Related: Top 10 Business Plan Mistakes

3. Know your customer

Your employees are also your customers, arguably the most important ones. They are on the front lines, engaging daily with your buyers, suppliers and end customers. While the C-level manages big-picture items and serves as the face of companywide transactions, the employee is the frontline voice. Do you know who your employees are, and can you define why they have chosen to work for you? Figuring this out can help retain quality staff members, keep them away from your competitors and ultimately improve their customer experience.

4. Define your culture

Emphasis on a business’s culture is perhaps greater now than it has ever been, even touted by Forbes in an August 2021 article as “key to retaining talent.” But before a company can address the positives and negatives of its own culture, its leaders need to understand what that culture is. While its aspirations may be defined from the top down, they are made reality from the bottom up, and the leading companies of tomorrow will make the human capital and financial investments to embrace that reality. If major gaps exist between the company’s idea of its culture and employees’ reality, a larger project to address those organizational issues is likely in store.

5. Determine your “five-year upside”

If you were looking at your company through the eyes of an employee, what would the upside be to developing a career there versus other companies in your space. What would your five-year career growth plan look like? Companies today are challenged with the here and now — raising the next round of investment, making a sales quarter goal and expanding a product line. Employees, meanwhile, are increasingly thinking about their longer-term career and life trajectories, seeking to build foundations today that will ultimately align with the personal and professional lifestyles they want to live tomorrow. And while the goal for a company might be to one day have an exit, that doesn’t necessarily provide the same incentive for a mid-level employee as it does a founder. It’s important for leadership to put themselves in the shoes of their employees and be able to clearly articulate the value of choosing this opportunity as a longer-term one, and more valuable than others that will inevitably come their way.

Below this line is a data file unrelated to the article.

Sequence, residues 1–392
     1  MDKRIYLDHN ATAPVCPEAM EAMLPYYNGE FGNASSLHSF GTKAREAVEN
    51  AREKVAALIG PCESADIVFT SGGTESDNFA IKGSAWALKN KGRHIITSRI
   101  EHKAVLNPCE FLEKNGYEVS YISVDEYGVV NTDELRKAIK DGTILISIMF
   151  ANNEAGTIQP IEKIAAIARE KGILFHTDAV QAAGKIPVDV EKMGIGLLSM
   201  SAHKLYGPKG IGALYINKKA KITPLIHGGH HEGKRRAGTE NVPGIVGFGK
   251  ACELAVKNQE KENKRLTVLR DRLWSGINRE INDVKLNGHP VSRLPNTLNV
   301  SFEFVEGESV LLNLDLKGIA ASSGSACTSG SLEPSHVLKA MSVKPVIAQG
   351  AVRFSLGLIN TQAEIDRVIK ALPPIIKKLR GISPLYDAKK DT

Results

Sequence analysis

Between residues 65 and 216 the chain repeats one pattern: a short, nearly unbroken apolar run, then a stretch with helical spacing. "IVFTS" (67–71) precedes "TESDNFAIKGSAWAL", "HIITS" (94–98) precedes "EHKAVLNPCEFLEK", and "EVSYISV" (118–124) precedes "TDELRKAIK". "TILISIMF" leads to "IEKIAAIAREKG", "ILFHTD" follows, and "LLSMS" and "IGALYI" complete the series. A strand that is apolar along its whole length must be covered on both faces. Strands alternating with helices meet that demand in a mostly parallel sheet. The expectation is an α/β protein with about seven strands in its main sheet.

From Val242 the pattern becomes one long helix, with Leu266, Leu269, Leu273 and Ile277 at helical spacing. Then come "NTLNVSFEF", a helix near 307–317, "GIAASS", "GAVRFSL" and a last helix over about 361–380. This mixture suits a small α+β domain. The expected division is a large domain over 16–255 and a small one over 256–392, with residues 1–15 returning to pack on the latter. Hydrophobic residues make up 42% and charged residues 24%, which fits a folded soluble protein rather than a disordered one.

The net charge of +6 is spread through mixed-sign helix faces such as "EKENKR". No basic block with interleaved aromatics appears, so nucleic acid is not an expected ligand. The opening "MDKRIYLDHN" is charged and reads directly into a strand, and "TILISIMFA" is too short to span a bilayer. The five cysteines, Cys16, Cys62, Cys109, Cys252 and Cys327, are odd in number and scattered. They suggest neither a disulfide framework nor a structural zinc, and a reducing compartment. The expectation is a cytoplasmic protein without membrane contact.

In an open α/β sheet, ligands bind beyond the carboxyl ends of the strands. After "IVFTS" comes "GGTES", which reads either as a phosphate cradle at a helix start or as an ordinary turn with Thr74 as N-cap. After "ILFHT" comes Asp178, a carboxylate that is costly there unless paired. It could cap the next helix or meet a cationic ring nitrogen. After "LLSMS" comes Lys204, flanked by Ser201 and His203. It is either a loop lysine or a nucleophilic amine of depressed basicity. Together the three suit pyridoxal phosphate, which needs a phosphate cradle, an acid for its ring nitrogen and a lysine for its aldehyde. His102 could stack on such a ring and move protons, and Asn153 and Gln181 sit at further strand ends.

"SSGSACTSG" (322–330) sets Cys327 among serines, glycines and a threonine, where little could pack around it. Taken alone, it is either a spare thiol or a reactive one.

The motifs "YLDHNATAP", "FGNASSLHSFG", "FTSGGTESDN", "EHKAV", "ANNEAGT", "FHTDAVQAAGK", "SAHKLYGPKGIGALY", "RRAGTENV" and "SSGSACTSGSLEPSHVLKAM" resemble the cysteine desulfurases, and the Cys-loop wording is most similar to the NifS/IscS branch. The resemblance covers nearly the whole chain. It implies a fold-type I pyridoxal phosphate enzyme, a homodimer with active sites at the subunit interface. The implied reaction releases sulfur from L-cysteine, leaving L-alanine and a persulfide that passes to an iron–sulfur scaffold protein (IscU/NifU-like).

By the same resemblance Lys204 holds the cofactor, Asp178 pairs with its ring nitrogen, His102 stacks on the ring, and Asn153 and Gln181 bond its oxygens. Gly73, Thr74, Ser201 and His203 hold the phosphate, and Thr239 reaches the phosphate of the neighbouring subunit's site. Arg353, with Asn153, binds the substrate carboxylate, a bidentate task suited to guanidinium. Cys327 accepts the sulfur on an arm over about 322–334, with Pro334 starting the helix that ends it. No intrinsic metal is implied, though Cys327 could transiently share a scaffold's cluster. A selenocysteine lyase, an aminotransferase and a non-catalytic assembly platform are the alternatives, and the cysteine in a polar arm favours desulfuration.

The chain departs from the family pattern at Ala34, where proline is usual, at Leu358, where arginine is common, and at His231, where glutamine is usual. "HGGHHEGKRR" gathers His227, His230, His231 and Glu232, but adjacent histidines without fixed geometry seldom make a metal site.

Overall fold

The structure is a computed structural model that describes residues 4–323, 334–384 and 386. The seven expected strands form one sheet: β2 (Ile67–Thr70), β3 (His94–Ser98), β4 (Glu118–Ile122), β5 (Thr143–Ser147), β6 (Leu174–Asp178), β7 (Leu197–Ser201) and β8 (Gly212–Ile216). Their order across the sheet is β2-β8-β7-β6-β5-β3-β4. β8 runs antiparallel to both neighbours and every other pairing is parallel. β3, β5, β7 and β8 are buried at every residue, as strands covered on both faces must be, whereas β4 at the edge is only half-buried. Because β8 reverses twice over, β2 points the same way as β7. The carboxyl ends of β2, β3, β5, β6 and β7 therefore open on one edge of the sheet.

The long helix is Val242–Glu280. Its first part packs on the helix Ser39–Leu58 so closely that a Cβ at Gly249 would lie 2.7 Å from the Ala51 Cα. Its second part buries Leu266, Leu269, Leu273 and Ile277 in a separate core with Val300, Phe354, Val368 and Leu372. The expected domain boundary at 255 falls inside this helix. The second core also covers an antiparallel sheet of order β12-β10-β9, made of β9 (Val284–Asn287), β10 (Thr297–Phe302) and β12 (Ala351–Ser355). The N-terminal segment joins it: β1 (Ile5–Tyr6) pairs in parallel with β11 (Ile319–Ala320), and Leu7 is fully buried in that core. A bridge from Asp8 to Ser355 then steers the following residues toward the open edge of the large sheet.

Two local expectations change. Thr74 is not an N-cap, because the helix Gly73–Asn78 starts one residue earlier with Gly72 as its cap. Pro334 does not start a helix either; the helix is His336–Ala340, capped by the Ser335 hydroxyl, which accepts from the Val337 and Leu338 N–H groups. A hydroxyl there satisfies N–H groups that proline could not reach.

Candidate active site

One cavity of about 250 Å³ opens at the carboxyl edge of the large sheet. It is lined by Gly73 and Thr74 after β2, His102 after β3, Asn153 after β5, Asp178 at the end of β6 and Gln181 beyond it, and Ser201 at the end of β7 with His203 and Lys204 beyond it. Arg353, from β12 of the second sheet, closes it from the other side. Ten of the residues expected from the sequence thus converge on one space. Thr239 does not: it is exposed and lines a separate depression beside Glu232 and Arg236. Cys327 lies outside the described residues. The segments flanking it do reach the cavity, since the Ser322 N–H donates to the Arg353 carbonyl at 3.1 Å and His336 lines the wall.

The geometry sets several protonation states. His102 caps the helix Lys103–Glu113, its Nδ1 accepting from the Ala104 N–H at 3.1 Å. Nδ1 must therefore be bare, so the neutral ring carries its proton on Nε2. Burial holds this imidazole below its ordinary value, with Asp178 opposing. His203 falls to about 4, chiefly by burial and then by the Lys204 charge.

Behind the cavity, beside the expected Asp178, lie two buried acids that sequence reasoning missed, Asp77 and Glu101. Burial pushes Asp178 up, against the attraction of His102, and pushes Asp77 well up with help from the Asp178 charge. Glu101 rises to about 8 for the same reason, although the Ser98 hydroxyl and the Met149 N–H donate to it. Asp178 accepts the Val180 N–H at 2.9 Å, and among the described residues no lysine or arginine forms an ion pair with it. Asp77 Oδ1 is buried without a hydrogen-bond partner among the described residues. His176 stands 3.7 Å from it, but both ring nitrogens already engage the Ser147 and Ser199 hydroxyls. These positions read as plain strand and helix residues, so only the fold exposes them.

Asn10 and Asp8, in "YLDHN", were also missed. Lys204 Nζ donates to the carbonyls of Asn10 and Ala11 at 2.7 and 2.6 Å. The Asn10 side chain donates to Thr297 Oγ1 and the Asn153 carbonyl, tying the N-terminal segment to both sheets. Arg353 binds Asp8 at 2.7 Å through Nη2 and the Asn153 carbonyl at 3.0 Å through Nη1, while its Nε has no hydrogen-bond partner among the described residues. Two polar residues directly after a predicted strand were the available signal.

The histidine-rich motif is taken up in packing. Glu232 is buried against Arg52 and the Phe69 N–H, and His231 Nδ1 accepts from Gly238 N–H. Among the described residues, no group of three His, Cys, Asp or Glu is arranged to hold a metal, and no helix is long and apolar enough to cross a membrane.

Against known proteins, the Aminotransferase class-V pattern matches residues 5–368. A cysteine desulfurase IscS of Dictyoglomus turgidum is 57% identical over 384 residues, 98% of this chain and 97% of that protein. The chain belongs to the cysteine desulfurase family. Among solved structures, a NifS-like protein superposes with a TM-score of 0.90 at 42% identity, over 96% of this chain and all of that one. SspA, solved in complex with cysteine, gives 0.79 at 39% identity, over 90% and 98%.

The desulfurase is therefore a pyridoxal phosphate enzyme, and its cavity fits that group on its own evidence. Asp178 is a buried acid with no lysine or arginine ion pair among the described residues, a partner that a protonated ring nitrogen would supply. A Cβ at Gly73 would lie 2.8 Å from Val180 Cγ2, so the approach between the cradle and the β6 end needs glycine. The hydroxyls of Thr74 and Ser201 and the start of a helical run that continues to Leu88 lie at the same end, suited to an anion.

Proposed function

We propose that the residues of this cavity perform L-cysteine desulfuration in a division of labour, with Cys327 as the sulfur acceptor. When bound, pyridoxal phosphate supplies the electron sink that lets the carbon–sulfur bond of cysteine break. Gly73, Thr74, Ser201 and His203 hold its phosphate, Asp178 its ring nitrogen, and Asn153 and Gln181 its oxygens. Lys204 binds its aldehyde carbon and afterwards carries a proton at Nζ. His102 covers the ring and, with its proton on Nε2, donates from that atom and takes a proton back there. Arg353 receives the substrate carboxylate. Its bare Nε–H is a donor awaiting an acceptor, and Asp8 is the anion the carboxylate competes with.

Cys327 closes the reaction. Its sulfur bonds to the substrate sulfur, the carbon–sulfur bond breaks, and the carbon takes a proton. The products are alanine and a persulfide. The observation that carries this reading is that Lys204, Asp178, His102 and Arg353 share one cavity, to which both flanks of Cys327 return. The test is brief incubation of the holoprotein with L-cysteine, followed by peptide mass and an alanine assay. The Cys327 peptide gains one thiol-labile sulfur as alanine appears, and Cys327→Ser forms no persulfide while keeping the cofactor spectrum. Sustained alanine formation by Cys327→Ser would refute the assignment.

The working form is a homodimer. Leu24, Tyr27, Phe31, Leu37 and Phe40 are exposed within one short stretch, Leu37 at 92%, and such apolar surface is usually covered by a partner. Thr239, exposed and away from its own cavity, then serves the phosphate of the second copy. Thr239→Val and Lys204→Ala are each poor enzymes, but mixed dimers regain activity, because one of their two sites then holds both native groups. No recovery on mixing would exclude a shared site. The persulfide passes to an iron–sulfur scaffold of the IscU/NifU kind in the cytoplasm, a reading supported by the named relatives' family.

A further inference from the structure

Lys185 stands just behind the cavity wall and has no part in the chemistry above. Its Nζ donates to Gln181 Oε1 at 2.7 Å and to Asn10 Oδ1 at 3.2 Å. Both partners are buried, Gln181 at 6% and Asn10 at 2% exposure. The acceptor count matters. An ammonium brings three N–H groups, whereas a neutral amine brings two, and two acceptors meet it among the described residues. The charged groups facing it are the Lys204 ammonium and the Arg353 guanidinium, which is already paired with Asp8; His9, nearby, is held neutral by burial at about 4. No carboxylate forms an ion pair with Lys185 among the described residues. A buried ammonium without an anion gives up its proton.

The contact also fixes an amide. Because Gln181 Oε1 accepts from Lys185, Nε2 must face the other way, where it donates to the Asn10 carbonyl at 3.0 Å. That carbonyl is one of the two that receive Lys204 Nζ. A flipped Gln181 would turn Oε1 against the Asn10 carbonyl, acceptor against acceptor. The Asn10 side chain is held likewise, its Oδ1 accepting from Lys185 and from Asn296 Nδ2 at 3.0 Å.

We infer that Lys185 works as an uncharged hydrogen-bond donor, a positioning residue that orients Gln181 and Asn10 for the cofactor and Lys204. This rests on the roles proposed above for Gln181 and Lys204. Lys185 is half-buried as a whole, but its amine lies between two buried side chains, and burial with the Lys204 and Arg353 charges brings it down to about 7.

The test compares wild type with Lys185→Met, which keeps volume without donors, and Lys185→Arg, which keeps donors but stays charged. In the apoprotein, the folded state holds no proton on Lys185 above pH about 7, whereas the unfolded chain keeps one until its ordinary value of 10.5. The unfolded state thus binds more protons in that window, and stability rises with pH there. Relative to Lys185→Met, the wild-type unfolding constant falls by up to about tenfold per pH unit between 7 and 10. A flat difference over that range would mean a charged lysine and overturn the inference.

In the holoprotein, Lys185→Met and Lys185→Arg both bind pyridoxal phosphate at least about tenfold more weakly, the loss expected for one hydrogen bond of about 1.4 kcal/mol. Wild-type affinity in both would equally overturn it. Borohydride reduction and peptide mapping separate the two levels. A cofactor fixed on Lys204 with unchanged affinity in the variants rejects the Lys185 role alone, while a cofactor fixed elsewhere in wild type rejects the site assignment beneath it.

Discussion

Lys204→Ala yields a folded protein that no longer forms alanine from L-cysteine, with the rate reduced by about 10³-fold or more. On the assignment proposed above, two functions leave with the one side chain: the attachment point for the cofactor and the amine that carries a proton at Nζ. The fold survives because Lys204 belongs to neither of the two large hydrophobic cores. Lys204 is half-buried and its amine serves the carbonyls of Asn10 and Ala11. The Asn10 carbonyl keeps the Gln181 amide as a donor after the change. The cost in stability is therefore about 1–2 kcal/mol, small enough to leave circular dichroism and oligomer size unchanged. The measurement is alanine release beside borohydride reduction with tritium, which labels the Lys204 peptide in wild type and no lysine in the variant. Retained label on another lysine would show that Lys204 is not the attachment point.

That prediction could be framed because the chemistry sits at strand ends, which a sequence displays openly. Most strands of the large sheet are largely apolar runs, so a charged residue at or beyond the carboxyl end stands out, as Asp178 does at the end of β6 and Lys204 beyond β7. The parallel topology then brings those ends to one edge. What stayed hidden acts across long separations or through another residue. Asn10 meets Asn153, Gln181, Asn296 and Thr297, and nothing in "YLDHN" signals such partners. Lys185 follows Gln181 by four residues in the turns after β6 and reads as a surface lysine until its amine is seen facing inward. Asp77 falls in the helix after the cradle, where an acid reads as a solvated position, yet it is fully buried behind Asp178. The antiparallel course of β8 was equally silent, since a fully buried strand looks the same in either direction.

Related: Free Webinar: Growing Employee Engagement During the Great Resignation

While the pandemic inspired a shakeup of our working world, it’s not the sole driver of the Great Reidentification. Employees were ready for a change beforehand, and Covid-19 became the catalyst for that change. And while the media has repeatedly touted today’s workers as holding the winning hand, the truth is that it was never a zero-sum game between companies and employees to begin with. The employee-company relationship of the future is not a competition, but a partnership. The great organizations, the winners of tomorrow, realize this and are making the necessary investments today to ensure it.